No such harmony exists with foods. Every culture has its delicacies that would make people from other cultures vomit. One example is that I love and eat eggplant frequently, but I doubt that I have had mac and cheese since I left my parents' home at 17. My DIL feeds it to my granddaughter and this concerns me. That is how you can produce a fat daughter, who then struggles for years with body image issues. My kids grew up eating quality foods, more like lamb and eggplant stew than mac and cheese. OTOH, DIL is a typical American who is drawn to "comfort foods" because of their association in her experience with feeling loved, safe, cared for, etc.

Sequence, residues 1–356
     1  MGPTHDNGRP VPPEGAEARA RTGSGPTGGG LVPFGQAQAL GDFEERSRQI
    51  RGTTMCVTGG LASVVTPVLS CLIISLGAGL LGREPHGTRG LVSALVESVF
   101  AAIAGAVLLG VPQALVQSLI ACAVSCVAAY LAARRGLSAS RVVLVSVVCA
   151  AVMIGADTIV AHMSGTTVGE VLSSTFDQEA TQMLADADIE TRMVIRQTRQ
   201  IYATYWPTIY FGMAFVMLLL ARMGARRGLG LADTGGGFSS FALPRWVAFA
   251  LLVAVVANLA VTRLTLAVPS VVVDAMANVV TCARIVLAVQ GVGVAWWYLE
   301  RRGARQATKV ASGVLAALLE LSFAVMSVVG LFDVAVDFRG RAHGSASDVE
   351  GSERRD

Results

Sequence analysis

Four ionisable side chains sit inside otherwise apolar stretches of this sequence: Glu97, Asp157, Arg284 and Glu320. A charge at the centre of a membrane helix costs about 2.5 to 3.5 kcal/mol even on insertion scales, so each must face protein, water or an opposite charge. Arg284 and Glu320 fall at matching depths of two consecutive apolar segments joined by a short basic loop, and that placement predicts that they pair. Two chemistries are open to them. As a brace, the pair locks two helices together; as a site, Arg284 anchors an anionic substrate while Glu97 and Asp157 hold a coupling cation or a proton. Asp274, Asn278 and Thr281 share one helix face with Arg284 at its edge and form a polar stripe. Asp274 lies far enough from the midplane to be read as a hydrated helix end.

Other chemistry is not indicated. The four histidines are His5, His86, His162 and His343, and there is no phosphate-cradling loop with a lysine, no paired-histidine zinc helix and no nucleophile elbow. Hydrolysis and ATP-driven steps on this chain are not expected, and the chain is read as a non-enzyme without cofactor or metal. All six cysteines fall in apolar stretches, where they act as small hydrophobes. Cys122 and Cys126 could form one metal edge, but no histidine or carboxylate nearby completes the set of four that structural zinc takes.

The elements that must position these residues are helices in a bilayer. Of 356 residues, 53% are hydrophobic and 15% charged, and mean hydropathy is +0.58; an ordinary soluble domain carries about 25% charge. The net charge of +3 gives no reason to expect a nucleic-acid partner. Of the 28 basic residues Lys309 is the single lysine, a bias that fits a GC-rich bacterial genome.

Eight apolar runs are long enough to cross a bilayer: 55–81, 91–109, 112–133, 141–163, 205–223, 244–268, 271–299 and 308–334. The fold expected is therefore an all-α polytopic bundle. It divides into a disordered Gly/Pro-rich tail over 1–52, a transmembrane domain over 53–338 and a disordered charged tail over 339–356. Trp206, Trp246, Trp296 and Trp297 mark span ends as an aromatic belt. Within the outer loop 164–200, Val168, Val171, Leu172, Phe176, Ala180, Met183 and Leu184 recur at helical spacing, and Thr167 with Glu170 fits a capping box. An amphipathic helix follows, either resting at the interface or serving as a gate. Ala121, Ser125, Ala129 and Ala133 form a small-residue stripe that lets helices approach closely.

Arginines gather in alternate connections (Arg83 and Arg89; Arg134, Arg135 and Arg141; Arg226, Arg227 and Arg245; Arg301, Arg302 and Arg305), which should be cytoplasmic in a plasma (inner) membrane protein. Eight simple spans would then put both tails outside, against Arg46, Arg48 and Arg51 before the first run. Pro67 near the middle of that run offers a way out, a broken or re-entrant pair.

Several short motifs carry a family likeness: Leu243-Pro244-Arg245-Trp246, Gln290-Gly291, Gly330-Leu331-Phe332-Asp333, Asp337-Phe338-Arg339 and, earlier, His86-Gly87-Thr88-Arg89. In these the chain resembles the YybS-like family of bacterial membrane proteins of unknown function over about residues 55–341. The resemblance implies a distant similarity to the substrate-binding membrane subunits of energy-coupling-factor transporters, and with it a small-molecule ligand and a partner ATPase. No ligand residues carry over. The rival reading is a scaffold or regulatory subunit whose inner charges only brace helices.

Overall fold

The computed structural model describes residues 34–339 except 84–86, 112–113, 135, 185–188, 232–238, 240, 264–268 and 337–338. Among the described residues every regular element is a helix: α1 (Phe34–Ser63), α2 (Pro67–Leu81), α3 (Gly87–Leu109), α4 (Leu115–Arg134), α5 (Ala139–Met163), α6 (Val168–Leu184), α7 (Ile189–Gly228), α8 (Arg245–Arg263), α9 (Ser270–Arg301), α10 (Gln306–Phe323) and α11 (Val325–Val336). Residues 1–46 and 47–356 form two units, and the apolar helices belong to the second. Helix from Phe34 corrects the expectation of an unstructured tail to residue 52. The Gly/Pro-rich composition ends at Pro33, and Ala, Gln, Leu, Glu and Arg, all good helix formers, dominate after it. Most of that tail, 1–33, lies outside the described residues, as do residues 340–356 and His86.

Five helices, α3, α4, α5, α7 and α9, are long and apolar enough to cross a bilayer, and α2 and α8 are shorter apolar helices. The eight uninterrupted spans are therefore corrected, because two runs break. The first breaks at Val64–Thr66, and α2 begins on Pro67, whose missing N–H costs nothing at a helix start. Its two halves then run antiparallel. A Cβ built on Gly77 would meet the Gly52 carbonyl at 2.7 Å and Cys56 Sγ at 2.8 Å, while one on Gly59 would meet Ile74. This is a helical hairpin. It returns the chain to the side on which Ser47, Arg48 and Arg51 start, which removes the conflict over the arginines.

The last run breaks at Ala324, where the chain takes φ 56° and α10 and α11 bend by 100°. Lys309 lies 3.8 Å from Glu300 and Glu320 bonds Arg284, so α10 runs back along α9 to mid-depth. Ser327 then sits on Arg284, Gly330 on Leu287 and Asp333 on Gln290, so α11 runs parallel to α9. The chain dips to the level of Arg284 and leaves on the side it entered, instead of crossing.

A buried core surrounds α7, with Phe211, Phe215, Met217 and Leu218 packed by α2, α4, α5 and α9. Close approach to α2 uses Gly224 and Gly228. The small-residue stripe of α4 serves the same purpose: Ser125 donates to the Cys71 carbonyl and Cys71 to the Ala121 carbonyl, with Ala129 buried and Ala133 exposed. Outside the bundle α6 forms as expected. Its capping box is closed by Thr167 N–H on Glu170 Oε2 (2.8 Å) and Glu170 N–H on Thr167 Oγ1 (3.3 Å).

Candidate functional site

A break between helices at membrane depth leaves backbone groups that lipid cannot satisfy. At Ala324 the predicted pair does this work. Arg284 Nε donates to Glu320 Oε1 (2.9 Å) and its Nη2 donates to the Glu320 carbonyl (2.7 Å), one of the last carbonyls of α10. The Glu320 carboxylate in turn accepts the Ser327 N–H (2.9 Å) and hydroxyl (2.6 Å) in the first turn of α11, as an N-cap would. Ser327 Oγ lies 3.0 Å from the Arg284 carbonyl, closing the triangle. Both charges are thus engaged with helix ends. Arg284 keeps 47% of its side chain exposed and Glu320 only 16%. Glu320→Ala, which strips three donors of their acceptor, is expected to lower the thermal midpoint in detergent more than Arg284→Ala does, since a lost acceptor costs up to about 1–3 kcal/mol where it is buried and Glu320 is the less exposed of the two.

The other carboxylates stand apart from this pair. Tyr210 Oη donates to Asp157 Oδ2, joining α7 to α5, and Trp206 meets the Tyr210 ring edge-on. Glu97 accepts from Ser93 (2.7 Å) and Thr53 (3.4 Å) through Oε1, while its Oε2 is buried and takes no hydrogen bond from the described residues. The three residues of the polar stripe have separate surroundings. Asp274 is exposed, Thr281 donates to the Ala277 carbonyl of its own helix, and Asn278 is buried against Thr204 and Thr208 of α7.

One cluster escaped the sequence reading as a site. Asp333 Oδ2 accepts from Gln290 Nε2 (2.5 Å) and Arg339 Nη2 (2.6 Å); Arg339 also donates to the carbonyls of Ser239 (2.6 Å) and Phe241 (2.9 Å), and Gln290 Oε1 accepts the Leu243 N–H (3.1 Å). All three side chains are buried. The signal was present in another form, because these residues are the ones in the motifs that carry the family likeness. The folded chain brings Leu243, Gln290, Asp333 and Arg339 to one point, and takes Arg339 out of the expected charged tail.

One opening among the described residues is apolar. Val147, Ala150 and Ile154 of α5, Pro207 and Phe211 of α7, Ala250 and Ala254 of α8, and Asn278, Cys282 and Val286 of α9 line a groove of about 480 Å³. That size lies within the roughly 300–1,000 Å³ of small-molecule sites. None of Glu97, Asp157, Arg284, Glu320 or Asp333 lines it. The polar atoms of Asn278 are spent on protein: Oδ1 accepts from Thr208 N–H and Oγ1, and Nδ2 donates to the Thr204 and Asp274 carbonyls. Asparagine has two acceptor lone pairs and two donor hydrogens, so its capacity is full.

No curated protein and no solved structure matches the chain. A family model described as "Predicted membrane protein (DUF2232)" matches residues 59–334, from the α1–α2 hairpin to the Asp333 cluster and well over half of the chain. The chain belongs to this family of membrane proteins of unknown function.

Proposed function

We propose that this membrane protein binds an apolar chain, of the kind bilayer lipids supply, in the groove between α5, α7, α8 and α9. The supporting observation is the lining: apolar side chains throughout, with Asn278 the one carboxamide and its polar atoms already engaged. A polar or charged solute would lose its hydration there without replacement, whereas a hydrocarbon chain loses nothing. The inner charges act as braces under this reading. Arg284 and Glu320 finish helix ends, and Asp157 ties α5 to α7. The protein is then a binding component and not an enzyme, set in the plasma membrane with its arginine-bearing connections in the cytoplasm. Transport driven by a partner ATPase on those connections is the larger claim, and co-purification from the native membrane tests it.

And, as I wrote in another post, I have personally used conditioning and image-linking to make it almost impossible that I would eat some foods that I have decided are bad for me, even though I once went out of my way to eat them. Our food preferences are quite amenable to cultural, and with intelligent effort, personal control. Likely not at all true of sexual preferences.

Ha
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Old 06-26-2011, 11:36 AM   #215
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I think somewhere in the eating debate the tongue has to be considered. I only have mine to use for tasting and it does not like the taste (evidently) of raw vegetables, most fruit, and sweets. Just doesn't seem to send a good "tongue-to-brain" signal of pleasure. But put some pepperoni pizza on it and that same tongue sends the brain a pleasure message akin to sex.

I suspect if I worked hard enough I could also use the conditioning and image-linking techniques to rid myself of the desire for the food. But I suspect that that would all come tumbling down if I had a subsequent taste of pizza or Mac'n'Cheese. The tongue would know.